Growth and nitrogen recovery in the above-ground biomass of eleven self-reseeding annual legumes grown in a rainfed olive orchard Conference Paper uri icon


  • Most of the traditional dry-farmed olive orchards of the NE of Portugal are planted in shallow soils on sloping terrain. The olive yields obtained are usually low, due to the severe environmental constraints under which these orchards are grown. Growing olive trees in such hard conditions, may recommend the management of the orchards as organic, a low-input farming system from which the farmer profit can arise from the appreciation of the price of the olive oil. The natural soil fertility of these orchards is usually very low, being nitrogen the most limiting nutrient to the growth of the trees (Rodrigues et al., 2011). Objectively, to manage these orchards as organic and to maintain the soil fertility and the tree nutritional status in an acceptable level, there is a single option: the introduction of legume species as cover crops. Legumes can access atmospheric N2, due to the symbiotic relationship that they can establish with nitrogen-fixing bacteria (Russelle, 2008). In this work eleven self-reseeding annual legumes were introduced in a rainfed olive orchard in order to test their suitability to be used as cover crops. The legume species/varieties were grown as pure stand and managed without grazing, since currently the farmers of the region are not raising animals. The cover crops were shown in September 2009, and data on dry matter yield, nitrogen recovery, ground cover percentage, persistence of the sown species, …, are recorded for four consecutive growing seasons.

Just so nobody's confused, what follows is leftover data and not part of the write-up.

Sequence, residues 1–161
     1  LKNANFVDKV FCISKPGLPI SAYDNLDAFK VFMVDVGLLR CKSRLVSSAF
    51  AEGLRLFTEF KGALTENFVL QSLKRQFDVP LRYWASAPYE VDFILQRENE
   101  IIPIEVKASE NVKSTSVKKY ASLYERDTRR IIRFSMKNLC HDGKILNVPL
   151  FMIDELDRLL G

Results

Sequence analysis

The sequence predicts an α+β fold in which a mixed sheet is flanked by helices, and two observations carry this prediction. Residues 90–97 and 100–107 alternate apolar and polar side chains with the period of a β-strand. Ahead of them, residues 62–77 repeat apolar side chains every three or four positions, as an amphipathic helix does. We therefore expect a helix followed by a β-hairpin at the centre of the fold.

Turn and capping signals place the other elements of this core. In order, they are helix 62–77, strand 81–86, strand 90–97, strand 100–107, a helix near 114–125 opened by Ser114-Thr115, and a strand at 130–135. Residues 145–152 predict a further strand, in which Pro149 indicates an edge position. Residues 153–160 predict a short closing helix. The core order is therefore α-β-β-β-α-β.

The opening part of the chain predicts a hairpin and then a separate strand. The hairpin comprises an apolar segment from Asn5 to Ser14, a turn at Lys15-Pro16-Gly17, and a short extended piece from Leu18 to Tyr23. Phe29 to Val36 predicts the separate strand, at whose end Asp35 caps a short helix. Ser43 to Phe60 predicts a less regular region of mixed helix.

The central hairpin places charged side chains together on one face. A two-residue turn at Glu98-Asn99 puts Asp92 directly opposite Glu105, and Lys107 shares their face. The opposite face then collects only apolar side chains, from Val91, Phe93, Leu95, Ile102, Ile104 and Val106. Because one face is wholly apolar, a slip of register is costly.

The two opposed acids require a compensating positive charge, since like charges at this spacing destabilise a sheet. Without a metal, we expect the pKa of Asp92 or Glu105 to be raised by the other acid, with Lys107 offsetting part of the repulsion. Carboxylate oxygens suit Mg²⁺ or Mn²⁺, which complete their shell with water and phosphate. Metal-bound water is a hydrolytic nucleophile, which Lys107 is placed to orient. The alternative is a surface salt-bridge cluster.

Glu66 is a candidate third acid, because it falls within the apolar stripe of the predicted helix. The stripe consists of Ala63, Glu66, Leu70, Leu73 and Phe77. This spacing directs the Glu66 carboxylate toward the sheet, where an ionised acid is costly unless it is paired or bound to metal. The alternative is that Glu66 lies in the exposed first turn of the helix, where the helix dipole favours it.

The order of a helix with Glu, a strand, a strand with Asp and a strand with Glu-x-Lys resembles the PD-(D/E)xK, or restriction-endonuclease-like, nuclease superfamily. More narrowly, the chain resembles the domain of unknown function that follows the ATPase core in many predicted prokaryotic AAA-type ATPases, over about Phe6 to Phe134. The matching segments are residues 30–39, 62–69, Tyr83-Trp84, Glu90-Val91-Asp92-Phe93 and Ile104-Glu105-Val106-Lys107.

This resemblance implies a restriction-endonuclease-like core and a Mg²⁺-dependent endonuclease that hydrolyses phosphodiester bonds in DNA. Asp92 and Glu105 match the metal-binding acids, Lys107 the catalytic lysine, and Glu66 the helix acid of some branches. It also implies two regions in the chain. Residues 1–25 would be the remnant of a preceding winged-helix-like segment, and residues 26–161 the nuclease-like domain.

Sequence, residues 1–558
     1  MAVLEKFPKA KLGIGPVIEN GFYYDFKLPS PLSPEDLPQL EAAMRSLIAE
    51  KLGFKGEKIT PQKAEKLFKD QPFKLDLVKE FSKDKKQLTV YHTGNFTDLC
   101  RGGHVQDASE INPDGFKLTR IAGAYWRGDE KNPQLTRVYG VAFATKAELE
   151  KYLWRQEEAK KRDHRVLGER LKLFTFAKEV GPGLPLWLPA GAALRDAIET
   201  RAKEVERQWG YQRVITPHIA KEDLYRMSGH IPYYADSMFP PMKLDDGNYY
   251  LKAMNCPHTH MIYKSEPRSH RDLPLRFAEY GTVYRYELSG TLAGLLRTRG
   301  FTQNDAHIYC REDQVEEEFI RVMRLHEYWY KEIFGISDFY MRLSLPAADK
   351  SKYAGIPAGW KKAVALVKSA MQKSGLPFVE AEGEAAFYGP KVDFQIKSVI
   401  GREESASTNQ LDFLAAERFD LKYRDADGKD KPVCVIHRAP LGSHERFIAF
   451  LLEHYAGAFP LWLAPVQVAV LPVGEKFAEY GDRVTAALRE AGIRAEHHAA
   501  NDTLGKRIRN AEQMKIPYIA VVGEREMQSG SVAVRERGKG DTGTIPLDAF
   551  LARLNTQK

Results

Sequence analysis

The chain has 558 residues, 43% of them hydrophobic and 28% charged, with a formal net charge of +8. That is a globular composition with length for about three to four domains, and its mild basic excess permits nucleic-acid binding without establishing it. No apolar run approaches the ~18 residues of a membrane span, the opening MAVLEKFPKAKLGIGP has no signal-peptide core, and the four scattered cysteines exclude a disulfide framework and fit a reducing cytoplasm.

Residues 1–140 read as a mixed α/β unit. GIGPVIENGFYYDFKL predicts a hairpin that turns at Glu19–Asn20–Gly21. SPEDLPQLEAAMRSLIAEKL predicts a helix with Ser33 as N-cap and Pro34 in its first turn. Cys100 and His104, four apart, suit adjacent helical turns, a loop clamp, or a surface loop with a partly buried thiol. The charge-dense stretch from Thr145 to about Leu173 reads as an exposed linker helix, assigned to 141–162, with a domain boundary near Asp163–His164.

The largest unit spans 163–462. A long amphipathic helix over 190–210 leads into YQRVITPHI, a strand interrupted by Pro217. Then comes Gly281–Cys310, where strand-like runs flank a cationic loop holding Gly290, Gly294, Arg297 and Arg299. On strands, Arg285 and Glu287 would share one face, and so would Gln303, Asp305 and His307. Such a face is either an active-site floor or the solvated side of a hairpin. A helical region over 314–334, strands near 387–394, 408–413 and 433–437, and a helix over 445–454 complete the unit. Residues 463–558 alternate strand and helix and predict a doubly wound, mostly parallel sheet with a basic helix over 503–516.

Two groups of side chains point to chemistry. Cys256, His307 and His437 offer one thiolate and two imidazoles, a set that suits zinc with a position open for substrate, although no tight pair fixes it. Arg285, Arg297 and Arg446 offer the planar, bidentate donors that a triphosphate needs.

publication date

  • January 1, 2014